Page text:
"Inception" is a very good, _very_ fast-paced action movie. (No spoilers in this review.)
Directed by Christopher Nolan, "Inception" has a brew of actors and action that kept me riveted to my seat for the entire movie. It was nice to see Joseph Gordon-Levitt all grown up from "Third Rock from the Sun." Tom Hardy stood out as one of the team (Eames); Cillian Murphy was well-cast as the perhaps weak-willed scion of a ruthless businessman father; I don't think I've seen Lukas Haas since "Mars Attacks," and he's cast here as a loser; Tom Berenger had a role as father-figure/mentor for Murphy's character; and Michael Caine had a small part as Dom Cobb's father with an unexplained British accent. And Cobb, of course, is played by Leonardo DiCaprio.
I did not see the movie in iMax; I can't imagine what it would have looked like. The action was thrill-a-second, gunfire and explosions all around the characters even when it was unnecessary, floating without gravity, fist fights, race car style driving in city streets, and much, much more. In my view, the special effects were excellent, keeping their place within the script, although losing 10 or 15 minutes of action would not have left me wanting more (run time as it is is 148 minutes).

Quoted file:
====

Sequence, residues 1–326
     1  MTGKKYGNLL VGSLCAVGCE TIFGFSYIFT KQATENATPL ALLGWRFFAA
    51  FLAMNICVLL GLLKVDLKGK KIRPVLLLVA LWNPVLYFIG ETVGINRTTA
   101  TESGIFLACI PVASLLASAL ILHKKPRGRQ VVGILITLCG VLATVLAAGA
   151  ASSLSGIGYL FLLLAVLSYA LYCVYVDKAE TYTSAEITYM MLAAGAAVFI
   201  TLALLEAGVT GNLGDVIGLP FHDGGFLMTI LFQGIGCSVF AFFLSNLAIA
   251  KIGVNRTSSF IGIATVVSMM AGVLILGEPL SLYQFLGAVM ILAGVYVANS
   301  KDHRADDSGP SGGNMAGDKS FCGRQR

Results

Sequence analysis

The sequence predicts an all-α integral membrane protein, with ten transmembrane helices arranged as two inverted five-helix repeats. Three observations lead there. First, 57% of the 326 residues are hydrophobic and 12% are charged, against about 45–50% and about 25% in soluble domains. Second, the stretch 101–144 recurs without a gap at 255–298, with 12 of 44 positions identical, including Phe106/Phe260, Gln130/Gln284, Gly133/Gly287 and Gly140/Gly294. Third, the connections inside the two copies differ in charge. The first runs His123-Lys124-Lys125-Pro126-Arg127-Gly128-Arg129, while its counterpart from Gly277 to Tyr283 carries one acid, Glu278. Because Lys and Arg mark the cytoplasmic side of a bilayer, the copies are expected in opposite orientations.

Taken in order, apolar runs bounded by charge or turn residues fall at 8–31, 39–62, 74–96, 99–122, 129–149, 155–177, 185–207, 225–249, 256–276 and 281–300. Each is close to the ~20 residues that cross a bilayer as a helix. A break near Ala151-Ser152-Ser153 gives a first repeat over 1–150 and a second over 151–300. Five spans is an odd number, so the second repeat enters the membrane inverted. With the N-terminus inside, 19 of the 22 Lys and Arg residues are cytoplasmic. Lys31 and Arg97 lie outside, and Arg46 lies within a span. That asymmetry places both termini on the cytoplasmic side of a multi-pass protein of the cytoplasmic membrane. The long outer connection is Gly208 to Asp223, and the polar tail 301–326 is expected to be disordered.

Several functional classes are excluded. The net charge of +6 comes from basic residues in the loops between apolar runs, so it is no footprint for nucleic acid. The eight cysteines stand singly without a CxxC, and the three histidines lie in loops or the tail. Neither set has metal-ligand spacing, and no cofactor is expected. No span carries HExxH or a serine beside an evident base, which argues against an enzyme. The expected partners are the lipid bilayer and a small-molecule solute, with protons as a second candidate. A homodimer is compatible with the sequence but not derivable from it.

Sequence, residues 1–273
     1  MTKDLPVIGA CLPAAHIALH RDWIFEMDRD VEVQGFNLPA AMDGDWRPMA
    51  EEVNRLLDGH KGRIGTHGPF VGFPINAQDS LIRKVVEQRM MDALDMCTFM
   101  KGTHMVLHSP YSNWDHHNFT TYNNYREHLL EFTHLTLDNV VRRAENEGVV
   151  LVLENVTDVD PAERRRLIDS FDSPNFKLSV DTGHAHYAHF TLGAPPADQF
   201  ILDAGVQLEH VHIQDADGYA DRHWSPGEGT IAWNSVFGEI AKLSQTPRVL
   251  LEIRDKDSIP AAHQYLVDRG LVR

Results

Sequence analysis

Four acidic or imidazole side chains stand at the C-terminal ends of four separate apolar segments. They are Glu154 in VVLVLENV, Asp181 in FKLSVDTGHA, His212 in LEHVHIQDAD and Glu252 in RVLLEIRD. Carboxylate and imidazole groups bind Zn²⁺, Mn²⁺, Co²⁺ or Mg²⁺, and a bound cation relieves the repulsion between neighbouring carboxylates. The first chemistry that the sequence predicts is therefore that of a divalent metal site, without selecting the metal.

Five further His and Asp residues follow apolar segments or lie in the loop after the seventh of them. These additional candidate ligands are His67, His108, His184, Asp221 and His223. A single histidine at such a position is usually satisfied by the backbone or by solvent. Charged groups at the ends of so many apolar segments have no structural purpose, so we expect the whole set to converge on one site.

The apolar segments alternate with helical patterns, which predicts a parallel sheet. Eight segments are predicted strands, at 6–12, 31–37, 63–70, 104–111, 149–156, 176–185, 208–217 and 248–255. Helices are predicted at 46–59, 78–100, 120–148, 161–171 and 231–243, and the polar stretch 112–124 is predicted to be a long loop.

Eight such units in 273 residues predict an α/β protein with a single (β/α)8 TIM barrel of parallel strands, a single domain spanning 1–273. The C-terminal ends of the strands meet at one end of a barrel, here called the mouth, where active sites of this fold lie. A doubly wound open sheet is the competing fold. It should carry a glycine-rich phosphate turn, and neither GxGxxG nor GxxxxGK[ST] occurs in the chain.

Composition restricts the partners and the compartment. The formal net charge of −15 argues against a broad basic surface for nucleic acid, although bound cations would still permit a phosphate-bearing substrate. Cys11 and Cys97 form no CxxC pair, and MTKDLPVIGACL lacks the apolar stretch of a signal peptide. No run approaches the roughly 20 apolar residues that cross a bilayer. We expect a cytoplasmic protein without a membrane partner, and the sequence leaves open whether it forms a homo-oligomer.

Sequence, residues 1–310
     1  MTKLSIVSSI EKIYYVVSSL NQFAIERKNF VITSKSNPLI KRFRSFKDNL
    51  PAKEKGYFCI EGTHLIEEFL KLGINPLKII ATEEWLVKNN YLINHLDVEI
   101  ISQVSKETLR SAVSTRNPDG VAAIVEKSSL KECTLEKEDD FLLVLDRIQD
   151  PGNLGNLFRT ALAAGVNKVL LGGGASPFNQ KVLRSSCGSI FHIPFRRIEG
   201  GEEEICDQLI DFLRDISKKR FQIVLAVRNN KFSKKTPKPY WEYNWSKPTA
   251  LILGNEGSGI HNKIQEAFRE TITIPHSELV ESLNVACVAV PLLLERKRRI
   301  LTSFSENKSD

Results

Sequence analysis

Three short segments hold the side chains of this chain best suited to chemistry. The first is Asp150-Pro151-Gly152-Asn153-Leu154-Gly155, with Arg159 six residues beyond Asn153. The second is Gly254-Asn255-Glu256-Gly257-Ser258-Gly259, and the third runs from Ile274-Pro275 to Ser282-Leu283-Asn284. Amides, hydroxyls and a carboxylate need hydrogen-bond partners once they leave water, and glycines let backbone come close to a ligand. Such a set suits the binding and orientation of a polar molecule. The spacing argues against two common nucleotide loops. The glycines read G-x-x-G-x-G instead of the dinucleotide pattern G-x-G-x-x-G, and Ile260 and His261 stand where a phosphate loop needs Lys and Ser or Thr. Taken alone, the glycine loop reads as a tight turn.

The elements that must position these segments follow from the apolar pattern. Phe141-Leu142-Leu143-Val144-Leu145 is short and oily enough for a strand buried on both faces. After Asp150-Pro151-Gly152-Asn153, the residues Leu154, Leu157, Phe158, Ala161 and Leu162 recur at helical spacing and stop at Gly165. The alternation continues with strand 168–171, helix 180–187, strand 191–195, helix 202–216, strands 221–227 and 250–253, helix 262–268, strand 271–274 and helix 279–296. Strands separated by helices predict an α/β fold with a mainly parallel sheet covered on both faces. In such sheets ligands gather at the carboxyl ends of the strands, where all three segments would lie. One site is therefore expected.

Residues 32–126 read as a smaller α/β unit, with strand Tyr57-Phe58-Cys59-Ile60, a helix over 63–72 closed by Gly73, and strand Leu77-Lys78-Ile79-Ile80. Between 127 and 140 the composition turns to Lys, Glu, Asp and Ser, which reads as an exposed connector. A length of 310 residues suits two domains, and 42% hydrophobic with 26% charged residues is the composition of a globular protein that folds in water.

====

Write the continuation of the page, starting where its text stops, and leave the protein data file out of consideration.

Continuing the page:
In the world of this movie, Cobb and a team of specialists can invade a person's mind through chemically-induced shared dreams and learn secrets from the victim. Cobb is hired to try to plant an idea instead of stealing one. In the dreams, of course, nothing is real and physics is (are?) violated on a whim. Cobb fundamentally has no control over either his victim's dreams or his own, which keep intruding.
Overarching the whole shebang is Cobb's ongoing relationship with his dead wife, the well-named Mal (pronounced in the movie as if it were Moll). Ultimately, Cobb's intended victim and Cobb himself become so intertwined that both have to be saved from a state known as limbo, where the subconscious never awakes. Cobb can save the whole plot only if he saves himself. The depths and levels of subterfuge and game-playing is mind-twisting, but Nolan never loses his place, and neither do we. Very good script and direction to keep us all on track.
I did get tired of Ariadne, whose only purpose seemed to be to voice the problems Cobb was going through and drive home to the audience how precarious Cobb's grasp of reality was. There were a few plot holes, as well, but nothing glaring - stuff was glossed over, everything Cobb's team needed was at hand, too many guys with automatic weapons miss our heroes only to be downed by one shot from a pistol - enough problems that keep me from giving it a better rating. My other misgiving is that Cobb's relationship with his late wife and his concepts of dream and reality were given short shrift in favor of action. At my age I wanted more of the backstory on why he was so in love with her and a better resolution of their relationship. C'est la vie. It's an action movie, after all.
I give it a seven and a half on a scale of ten.